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"The solar trickle chargers on the rear parcel shelf are to run the air-con when the car is standing in the sun – important in core markets like the Middle East, US and China. These floating pillars will become a signature on our more gentile models, like the DB9."

Aston Martin DBX: technical specs

Technical details are scarce as yet, but we know the DBX concept sports a powerful electric motor in place of the firm"s traditional V12 engine. Power is also sent to all four wheels for the first time on an Aston.

Despite the advanced engineering underneath, chairman Dr Andy Palmer was quick to point out that this is "clearly not a production-ready sports GT car" and instead previews what a luxury GT could be.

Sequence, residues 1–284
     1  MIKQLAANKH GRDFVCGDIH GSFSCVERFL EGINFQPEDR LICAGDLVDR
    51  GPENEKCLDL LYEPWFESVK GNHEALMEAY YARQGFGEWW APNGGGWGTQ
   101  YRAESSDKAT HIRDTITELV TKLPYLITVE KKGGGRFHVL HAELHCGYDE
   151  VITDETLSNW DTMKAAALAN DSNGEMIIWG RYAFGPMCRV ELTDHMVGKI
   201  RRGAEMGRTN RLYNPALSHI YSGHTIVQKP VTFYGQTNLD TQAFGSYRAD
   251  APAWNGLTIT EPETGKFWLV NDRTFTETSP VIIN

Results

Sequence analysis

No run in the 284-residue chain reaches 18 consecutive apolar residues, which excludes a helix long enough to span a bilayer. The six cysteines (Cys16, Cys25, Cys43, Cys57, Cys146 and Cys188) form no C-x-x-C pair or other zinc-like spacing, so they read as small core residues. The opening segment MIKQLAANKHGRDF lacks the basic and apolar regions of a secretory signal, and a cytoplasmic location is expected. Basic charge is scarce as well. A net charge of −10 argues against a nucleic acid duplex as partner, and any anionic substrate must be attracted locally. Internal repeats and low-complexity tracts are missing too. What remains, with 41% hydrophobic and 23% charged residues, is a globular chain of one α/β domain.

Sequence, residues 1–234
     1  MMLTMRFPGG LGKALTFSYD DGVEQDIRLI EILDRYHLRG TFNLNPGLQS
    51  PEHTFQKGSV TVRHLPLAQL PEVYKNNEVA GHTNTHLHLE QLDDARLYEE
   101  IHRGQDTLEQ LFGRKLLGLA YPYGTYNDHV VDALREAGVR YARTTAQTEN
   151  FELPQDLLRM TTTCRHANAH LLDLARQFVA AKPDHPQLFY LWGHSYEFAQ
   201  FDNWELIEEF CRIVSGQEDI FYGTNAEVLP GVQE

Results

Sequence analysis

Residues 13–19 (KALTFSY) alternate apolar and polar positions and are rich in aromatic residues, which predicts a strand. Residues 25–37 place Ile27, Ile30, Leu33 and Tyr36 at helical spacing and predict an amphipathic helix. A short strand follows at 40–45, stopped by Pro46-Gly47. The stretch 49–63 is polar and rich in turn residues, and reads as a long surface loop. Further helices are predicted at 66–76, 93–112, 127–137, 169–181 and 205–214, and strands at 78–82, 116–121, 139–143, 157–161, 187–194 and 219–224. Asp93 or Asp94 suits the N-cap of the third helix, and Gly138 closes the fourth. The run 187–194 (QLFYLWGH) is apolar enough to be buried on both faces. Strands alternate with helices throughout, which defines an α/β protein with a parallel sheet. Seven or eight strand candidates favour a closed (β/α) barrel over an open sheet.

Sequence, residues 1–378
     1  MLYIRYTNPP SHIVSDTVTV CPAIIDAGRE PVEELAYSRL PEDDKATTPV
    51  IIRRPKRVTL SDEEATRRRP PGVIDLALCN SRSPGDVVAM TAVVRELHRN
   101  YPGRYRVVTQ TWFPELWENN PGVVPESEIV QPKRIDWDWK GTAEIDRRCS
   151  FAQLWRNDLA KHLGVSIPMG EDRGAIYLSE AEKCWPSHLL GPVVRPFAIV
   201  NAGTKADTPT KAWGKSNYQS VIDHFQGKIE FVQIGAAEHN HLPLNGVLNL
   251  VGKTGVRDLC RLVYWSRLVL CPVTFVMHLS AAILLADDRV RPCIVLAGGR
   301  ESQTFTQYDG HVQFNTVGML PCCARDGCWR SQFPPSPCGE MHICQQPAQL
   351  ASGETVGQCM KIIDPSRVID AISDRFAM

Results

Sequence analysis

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Aston Martin DBX concept at Geneva 2015

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"I am solely focused on making Aston Martin sustainable and relevant for the long term," explained Palmer. "Our future can"t be based on a narrow product portfolio and one type of customer. If we stick with the current line-up, we restrict our numbers and inhibit ourselves from continually renewing the portfolio. An Aston should be rare, but we can grow carefully and become relevant to more customers.

"Our core sports cars will always be capped to 7,000 units. But by the end of the decade, we will replace every car in the range and add three new models. Every model will have striking design differences – you can see that in the DB10 and Vulcan."

Palmer also spoke to Auto Express about Aston Martin’s three-tier family; sports, luxury and SUV. “ The DBX is the third pillar, which is the reinvention of the sports car. Each of those cars has a clear customer in front of it,” Palmer told us.

Aston Martin DBX concept unveiled at Geneva: video